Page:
Ambition was the watchword at Gary Caldwell’s unveiling as the new Chesterfield manager at the Proact stadium.
The 34-year-old talked boldly of building a side capable of challenging for promotion to the Championship, after first addressing the side’s current relegation battle.
It was his ambition that impressed the club’s decision makers, Chris Turner calling the man who led Wigan to last season’s League One title a ‘winner.’
Caldwell’s lofty goals might be met with a few raised eyebrows among the club’s fanbase, given recent history, but he was realistic about their current woes.
“Their ambition appealed to me. I’m coming here, long term, to try and get to the Championship,” he said.
“Their ambition was that as well.
“It’s going to be really difficult, it’s going to take hard work and the position we’re in now is the priority, that we win enough games to make sure we’re safe in this league next year and then we can start to build on that.
“Long term I want to build a football club for the future that can fight at the top end of the league and get promotion. I firmly believe we can do that.”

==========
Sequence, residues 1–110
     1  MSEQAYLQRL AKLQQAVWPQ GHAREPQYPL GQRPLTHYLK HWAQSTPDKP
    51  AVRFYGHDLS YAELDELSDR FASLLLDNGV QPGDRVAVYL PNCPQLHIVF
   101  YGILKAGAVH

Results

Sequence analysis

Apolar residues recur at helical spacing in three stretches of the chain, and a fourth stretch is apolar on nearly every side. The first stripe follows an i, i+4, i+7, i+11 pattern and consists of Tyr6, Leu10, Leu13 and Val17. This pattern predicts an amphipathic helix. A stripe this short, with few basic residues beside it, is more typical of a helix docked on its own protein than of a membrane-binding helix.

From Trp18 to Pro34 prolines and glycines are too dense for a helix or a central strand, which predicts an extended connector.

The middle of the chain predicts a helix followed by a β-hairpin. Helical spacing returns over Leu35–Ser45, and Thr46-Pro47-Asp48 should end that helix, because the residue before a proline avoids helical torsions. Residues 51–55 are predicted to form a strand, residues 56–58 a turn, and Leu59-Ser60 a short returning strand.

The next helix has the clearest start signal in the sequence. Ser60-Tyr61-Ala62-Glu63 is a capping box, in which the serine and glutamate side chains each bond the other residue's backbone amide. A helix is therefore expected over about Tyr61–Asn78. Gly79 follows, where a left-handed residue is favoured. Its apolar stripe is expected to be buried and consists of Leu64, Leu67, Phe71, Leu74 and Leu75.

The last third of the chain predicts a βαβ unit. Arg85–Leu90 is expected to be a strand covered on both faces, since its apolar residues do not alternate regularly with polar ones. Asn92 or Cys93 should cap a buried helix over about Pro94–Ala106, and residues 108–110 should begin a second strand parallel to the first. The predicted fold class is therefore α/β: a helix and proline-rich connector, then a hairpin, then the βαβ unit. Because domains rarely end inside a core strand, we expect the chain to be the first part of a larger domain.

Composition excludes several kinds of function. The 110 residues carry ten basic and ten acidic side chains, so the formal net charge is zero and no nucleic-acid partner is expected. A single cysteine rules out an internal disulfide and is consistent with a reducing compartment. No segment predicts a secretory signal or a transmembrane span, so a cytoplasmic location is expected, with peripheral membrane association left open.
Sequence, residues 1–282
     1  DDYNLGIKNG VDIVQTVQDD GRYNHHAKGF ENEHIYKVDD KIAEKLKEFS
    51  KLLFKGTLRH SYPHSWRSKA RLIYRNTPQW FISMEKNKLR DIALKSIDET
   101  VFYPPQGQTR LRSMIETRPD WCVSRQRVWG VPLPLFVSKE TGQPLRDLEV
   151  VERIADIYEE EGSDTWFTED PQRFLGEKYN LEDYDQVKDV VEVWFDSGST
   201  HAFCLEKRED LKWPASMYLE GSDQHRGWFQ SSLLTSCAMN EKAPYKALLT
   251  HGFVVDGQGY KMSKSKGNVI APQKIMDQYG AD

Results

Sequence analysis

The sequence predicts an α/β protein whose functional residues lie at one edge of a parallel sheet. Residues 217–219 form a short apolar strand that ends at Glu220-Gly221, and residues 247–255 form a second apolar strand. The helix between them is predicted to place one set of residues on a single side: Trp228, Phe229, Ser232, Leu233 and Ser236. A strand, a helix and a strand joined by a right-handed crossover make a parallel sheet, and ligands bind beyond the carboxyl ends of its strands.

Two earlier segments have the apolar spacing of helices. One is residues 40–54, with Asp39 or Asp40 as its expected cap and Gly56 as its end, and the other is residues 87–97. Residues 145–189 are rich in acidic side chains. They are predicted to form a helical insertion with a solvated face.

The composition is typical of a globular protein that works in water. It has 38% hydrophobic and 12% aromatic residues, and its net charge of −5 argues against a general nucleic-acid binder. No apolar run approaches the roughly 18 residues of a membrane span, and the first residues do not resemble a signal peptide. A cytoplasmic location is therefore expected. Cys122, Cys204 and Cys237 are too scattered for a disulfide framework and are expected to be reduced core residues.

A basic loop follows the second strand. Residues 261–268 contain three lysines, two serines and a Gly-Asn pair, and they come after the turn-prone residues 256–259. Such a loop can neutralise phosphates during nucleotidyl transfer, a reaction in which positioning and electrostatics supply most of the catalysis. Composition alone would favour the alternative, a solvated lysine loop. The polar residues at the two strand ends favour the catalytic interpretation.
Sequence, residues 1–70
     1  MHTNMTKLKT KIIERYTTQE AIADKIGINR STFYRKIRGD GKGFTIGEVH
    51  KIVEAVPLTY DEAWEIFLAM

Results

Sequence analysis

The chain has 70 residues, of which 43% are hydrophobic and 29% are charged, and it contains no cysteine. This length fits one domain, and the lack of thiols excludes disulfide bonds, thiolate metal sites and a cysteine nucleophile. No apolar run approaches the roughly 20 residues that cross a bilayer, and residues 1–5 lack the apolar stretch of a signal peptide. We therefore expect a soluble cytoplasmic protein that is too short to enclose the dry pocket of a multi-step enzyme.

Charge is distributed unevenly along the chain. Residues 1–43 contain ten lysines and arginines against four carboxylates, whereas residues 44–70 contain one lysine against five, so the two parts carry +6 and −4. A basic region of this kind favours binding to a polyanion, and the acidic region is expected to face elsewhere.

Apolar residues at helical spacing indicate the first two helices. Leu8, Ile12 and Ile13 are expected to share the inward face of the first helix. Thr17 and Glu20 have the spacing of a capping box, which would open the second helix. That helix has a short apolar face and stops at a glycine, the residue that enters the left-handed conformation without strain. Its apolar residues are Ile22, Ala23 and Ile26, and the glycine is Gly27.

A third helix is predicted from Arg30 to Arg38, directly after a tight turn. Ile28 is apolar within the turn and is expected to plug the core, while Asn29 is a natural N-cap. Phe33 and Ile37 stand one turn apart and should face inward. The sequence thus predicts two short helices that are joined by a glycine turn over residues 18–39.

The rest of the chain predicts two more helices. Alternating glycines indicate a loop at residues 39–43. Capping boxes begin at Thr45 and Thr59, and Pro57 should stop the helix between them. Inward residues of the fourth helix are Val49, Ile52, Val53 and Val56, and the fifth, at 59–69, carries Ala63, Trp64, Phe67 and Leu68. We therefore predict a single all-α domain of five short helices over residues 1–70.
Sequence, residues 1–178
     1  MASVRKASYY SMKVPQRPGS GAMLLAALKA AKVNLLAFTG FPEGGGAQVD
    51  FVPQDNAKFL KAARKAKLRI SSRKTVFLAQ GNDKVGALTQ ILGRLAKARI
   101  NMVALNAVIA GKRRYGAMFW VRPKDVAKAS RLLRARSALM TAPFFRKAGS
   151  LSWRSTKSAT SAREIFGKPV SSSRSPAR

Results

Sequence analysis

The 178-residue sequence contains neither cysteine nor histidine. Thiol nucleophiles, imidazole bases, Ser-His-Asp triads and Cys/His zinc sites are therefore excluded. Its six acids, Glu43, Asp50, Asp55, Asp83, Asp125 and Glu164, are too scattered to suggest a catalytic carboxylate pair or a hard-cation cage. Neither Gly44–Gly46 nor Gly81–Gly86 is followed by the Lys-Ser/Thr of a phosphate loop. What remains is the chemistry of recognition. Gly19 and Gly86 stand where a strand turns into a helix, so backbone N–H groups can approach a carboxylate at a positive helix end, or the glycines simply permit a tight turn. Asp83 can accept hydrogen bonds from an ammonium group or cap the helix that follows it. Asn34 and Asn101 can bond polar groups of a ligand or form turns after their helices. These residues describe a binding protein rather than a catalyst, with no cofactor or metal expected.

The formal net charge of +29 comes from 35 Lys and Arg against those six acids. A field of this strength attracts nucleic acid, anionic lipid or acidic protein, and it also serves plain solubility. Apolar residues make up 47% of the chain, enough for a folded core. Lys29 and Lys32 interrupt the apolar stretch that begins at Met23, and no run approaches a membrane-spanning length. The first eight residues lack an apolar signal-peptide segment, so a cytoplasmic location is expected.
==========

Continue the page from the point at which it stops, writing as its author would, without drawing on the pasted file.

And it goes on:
According to Caldwell, this season is all about survival and next season is about progression.
And players have got to prove they can play a part in the manager’s aims, particularly you would assume, those coming to the end of their contracts.
“I wouldn’t be here if I didn’t believe that this club could get out of the position we’re in now and look to achieve more success next season,” he said.
“I’ll have to work with the players, speak to Ritchie and Matt and get a feel for the players.
“They’re playing for their futures, every week you have to go out and perform.
“In the summer we’ll look at it and see what we need to do to take the club forward.”
All the talk of success and ambition doesn’t mean the purse strings have suddenly loosened at the Proact.
Caldwell, who admits both he and the club took their time over the decision to work together, appears to have his eyes wide open as he arrives at a club where a one-in, one-out transfer policy has prevailed of late.
The difference in the relative wealth of his former employers Wigan and his new club isn’t an area of concern for him.
“We’ve spoken at great length about the finances and I understand that,” he said.
“Everyone thinks I had this open chequebook in Wigan which is far from the truth.
“We had a lot of resources compared with a lot of League One clubs but I had to work with a budget so I know how to do that.
“This one is less than I had at Wigan but I’ve no problems working with that, working with the club and more importantly working on the training pitch with the players we’ve got and making them better.
“Every job is difficult in football. I don’t think there’s any one job easier than another, they all come with different pressures and I’m just eager to work and put my stamp on this team and this club and try and bring them success.”